The Hypostatic Union of Kanye West

While critics were busy calling him lost and confused, Kanye was writing Ye, his 8th album in a row to debut at #1. While they raced to publish op-eds questioning his mental stability, Kanye was negotiating the deal that would make him a billionaire. While they called his politics internalized self-hatred, Kanye was funding James Turrell’s Roden Crater and donating to victims of police brutality.

The New York Times headline The Battle for Kanye West Is Happening in Real Time reveals more than it lets on. Kanye is not a man. Just a prize to be won. As described by journalist Jon Caramanica, Kanye is merely “a vessel, not an agent” and “all around him, what amounts to a collective global rescue effort for his mind and soul…is playing out in real time.”

This is more than just garden variety condescension. It is dehumanization, disguised as sympathy for the mentally ill. No different than the rhetoric of colonialist missionaries professing to “save the souls” of heretic savages.

From the outside, Kanye is a mystery no one can quite grasp. Is he leftist, as he was in 2005 when he called out “George Bush doesn’t care about black people” on national TV? Far right, as he was portrayed for supporting Trump in 2016? Is he the sinner who wrote “Fuck you and your Hampton house, I’ll fuck your Hampton spouse”, or the saint who hosts Sunday Service?

There are at least three answers.

The first, is that he sold out, or converted. That Kanye was once “woke”, but has since fallen.

Second, that he’s ascended. Like the lovecraftian Old Ones, Kanye exists on a higher plane, leaving us capable only of witnessing his low-level earthly projection, and unable to comprehend behavior impossible in both our physics and our ideology.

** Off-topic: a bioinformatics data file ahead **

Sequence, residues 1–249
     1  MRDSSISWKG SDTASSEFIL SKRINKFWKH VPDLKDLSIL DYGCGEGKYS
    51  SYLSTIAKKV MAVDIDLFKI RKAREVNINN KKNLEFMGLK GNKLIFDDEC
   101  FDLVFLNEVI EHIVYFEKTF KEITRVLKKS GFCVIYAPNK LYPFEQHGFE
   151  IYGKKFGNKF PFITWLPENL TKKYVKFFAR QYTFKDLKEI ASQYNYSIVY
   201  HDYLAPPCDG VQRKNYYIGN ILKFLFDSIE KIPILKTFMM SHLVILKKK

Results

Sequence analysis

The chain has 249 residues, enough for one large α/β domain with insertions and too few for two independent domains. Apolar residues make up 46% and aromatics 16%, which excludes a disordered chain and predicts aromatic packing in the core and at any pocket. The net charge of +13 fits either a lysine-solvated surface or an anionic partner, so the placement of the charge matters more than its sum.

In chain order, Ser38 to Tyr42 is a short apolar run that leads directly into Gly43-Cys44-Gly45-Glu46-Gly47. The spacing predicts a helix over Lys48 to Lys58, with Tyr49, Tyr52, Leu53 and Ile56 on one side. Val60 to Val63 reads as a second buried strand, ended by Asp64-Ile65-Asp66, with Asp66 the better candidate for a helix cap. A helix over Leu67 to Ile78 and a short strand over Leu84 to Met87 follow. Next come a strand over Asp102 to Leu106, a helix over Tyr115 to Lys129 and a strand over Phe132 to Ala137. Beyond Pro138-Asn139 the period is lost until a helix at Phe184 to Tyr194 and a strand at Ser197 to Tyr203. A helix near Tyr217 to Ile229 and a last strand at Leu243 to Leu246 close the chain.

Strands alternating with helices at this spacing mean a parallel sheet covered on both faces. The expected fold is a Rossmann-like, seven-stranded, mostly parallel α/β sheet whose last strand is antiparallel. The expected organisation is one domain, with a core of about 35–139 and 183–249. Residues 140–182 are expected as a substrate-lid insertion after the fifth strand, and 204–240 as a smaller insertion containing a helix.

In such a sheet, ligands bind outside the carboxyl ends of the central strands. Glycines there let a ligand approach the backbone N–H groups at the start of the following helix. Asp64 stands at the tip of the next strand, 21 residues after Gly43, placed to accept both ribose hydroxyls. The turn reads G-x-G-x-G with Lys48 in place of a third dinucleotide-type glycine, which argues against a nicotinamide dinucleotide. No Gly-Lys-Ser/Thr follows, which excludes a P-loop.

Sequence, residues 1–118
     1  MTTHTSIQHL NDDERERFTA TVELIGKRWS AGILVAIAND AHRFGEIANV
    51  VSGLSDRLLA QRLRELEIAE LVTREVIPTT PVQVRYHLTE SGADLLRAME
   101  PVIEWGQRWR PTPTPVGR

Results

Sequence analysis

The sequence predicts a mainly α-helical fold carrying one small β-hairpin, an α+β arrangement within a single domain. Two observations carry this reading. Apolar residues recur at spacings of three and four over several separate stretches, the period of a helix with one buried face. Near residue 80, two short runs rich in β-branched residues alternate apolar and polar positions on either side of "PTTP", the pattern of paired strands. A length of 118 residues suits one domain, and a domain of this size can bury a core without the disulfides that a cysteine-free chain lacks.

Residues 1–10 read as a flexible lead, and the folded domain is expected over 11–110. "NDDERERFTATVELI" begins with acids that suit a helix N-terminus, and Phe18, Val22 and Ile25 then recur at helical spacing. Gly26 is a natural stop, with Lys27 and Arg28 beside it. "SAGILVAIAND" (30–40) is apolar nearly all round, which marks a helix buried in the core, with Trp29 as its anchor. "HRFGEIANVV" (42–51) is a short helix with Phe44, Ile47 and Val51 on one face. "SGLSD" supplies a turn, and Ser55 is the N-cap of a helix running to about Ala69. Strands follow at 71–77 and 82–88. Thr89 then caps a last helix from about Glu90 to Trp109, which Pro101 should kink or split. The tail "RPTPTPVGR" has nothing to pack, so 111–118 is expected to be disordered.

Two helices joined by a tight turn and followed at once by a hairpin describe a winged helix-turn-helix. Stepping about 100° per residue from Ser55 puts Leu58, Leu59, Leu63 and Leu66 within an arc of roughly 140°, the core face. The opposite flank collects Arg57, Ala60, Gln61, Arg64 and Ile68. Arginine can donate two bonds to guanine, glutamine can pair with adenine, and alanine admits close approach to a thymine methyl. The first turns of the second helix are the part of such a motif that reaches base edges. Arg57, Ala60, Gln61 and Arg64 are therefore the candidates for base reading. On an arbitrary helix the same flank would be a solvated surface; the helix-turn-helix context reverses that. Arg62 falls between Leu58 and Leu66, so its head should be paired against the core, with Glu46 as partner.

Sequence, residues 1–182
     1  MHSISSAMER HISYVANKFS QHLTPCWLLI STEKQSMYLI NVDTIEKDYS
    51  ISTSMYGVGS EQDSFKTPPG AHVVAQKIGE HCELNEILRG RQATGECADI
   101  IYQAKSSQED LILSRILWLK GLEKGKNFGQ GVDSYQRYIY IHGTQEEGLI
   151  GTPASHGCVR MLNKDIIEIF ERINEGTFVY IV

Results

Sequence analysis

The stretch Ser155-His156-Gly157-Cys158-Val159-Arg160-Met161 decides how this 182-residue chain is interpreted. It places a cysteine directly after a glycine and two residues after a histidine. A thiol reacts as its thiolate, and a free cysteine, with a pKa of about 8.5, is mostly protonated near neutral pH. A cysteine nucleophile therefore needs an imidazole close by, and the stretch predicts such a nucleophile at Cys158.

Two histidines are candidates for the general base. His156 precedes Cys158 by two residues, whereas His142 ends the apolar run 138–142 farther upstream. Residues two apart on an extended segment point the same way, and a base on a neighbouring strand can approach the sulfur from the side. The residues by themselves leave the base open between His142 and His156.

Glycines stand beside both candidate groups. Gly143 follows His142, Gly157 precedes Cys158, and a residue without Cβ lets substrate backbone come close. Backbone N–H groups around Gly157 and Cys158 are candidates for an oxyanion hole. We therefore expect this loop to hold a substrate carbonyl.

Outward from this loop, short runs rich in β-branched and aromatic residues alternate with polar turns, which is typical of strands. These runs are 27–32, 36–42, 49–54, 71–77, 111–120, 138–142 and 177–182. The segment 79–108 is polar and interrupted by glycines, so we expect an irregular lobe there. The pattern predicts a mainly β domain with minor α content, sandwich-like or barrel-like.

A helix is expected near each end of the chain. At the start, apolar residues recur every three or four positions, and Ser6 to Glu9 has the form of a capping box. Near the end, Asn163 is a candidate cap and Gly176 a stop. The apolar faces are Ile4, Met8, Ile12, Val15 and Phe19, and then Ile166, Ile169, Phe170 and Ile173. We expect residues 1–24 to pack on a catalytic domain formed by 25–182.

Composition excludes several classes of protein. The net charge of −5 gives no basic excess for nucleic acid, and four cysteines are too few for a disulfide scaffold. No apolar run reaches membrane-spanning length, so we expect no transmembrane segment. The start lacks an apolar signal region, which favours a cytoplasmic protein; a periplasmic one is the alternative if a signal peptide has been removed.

Third, the tension lies not in him, but in ourselves. Kanye’s image has been mashed up, remixed and distorted so many times that each side sees only what they want to. Compare, for example, the Atlantic’s headline “Lou Reed Compares ‘Yeezus’ to Farting” to Reed’s actual review: “the guy really, really, really is talented. He’s really trying to raise the bar. No one’s near doing what he’s doing, it’s not even on the same planet.”.

Or to take a more nuanced musical case:

  • When Kanye performed New Slaves on SNL, it built in anger for 3 minutes, ending with “I’m 'bout to tear shit down, I’m ‘bout to air shit out, now what the fuck they gon’ say now?”
  • As performed live in concert, it contains the same line, but then pours out into an outro “I won’t end this high, not this time again…” followed by this incredible melodic hum from Frank Ocean.
  • On the album, there is yet a 3rd version, which follows Ocean’s chorus with a sample from the Hungarian band Omega. As described in that same Lou Reed review: he nails it beyond belief on ”New Slaves.” It’s mainly just voice and one or two synths, very sparse, and then it suddenly breaks out into this incredible melodic… God knows what. Frank Ocean sings this soaring part, then it segues into a moody sample of some Hungarian rock band from the ’70s. It literally gives me goosebumps… just overwhelmingly incredible.

The discord lies not in Kanye, but in our own refracted images of his work.

Our modern world is rife with contradictions, and if Kanye seems incomprehensible, it’s because he’s the only honest person living in it.

The rest of us are content to care for pet dogs, then go on to eat pork. To donate to charity while wearing clothes sewn by slaves. We make transpacific flights to attend climate conferences. Make vows to the sanctity of marriage then get divorced. We go out into society covered in the veil of civility as if we will not be naked, cold and alone each night before our final return to ashes.

Like all of us, he is stuck between animal and God. Both perfectly human and perfectly divine.

Kanye is merely the one who doesn’t turn away.